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As several have said in this post. Find out if your charge controller is compatible with lithium then if that is the case go for it. There are many good lithium batteries on the market at a reasonable price. We swapped out our 2 Lifeline AGM 6 volt for an Ionic 125AH heated Marine/RV battery with Bluetooth for $800 with 11 year warranty. As we primarily use propane, it works great for us.
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Old 04-03-2024, 09:46 AM   #7
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2022 Interstate 24X
Carlisle , Pennsylvania
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Hi

If you are not into DIY (and that's fine) you want somebody to do this that has some experience at it. A random RV shop may or may not have ever done this before. Asking questions and carefully listening to the answers is the key when digging into that. A local tech will be a lower cost approach than the AS dealer. You just want to make sure he's competent.

Parts wise:

1) Lithium converter / chargers are different than lead acid only versions. The only way to know what you have is to dig in an look. Some of the stuff AS puts is less than ideal for lithium.

2) The connectors on the battery cables likely will change when you go to lithiums.

3) As with *any* battery swap out, you need to make sure the new batteries will fit in the space provided. You also should get a well known brand of battery. Going cheap in this case is not a great idea.

Past this you can optionally get:

4) A shunt based monitor. These are a good idea for any battery. They more accurately show the state of charge vs just looking at a voltage.

5) A DC/DC converter. This lets you charge the lithiums while driving down the road.

Do you buy all the parts and let somebody else put them in? Do you let them pick everything and go from there? Each route has its advantages. Letting them do it likely is more expensive, it's also more likely to fit together. Just how good the parts are in either case is going to be a bit of an unknown, unless you do a bunch of research.

Fun

Bob
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Old 04-03-2024, 10:00 AM   #8
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Don't forget there have been many reports of some Airstream dealers only installing batteries that they sell you, with a markup. You need to ask about this before scheduling anyone for the work. It may also add significantly to the cost and limit choices of batteries and parts.
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Old 04-03-2024, 04:34 PM   #9
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I would consider finding a local "Victron" dealer/installer near you to consult with and possibly do the work. They will probably be a better choice than the dealer.
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Old 04-03-2024, 05:34 PM   #10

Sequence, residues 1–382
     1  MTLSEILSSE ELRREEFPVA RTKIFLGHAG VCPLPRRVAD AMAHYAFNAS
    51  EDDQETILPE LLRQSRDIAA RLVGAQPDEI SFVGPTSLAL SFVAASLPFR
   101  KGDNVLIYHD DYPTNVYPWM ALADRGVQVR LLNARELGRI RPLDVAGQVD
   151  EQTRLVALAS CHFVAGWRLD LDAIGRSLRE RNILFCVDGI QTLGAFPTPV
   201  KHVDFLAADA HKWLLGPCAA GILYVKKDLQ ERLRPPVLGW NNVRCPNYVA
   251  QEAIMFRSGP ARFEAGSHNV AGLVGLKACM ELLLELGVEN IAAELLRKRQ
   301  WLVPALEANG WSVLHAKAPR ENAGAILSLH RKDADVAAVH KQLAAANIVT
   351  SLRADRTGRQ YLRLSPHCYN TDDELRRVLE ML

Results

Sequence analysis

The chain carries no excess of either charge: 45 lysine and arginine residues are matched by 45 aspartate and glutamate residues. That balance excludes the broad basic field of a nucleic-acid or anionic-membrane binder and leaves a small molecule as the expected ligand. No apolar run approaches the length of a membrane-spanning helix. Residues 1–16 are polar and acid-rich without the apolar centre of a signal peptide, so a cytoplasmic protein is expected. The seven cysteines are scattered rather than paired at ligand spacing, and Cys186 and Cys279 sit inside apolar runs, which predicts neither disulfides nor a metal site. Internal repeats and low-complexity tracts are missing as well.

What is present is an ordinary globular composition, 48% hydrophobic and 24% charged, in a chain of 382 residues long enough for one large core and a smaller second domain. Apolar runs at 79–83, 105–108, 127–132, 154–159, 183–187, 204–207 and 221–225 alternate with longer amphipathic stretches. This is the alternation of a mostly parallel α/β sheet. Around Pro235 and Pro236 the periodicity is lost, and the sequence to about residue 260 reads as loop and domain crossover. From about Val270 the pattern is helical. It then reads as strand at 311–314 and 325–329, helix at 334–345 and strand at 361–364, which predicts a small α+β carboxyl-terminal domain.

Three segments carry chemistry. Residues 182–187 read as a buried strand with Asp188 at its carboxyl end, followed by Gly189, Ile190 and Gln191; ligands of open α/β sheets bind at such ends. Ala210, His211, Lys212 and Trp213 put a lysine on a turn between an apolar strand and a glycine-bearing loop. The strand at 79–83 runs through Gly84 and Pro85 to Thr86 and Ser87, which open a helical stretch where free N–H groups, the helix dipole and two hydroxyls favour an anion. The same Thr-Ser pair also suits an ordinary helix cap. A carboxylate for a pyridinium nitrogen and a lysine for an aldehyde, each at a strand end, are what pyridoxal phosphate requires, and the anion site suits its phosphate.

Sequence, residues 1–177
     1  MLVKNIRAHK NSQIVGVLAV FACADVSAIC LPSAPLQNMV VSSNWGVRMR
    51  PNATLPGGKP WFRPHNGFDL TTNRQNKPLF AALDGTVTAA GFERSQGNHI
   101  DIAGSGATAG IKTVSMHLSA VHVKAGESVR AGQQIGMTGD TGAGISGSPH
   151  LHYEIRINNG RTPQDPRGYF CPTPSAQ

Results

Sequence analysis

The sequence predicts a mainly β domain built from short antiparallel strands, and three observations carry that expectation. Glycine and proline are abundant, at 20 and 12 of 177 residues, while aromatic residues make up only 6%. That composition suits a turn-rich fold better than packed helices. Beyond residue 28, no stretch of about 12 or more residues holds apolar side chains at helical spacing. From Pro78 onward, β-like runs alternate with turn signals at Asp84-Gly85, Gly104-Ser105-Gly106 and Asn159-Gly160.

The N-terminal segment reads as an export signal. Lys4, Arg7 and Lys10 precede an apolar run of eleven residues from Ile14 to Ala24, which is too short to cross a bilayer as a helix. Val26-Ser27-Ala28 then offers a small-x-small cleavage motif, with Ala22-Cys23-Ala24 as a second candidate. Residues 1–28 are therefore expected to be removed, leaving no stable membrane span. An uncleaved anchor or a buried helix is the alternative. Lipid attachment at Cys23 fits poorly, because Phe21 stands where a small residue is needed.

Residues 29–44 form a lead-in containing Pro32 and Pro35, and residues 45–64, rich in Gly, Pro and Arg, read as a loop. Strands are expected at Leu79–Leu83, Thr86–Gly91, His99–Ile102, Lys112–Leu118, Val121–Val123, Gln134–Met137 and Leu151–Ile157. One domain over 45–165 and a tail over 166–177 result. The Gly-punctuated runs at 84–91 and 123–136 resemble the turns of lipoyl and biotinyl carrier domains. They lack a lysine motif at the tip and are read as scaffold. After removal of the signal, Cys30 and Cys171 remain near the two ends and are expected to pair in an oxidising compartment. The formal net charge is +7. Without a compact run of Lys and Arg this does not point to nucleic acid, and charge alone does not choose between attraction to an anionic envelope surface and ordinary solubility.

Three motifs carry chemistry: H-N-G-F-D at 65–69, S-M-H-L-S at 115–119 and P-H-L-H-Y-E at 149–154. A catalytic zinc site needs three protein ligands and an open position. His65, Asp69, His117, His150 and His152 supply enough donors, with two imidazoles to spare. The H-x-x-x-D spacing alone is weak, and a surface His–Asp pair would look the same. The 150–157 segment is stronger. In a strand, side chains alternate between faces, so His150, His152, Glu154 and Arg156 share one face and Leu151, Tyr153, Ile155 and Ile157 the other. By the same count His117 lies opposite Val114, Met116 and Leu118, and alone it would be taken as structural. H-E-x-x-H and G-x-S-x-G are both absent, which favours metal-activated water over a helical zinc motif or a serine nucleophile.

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Thanks for the replies. A lot of this I don’t know the answer to so I guess I need to start by asking Airstream or my dealer. It is the 20x REI model and had the option of lithium installed by Airstream.
Not sure whether our Basecamp is pre-ready for lithium ion batteries. It came with 300w of solar on the roof so it does have the Victron solar controller.
We are north of Charlotte, NC and I don’t know that there are a lot of options around here for someone other than either of the two Airstream dealers within a couple of hours. I will take the advice and look for a Victron dealer/installer.
I think I need to find out some answers before I continue use with this. I did get some informative PMs from some of you and thank you.
The money is not going anywhere so unless the current batteries crap out in the next couple of months we have some time.
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Old 04-03-2024, 05:49 PM   #11
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Not real close Alabama) but a most excellent technician is Ronnie Dennis at:

https://airstreamnutsandbolts.com/
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Old 04-03-2024, 10:52 PM   #12
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Quote:
Originally Posted by field & stream View Post
Not real close Alabama) but a most excellent technician is Ronnie Dennis at:

https://airstreamnutsandbolts.com/
I would consider this the #1 option, if you don't DIY.
You can schedule with Ronnie, then make it a short trip, maybe 400 miles.
Try a couple campgrounds on the route!
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Old 04-04-2024, 07:20 AM   #13
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Originally Posted by field & stream View Post
Not real close Alabama) but a most excellent technician is Ronnie Dennis at:

https://airstreamnutsandbolts.com/
Hi

This is a *much* better option that either the dealer or some random tech.

Bob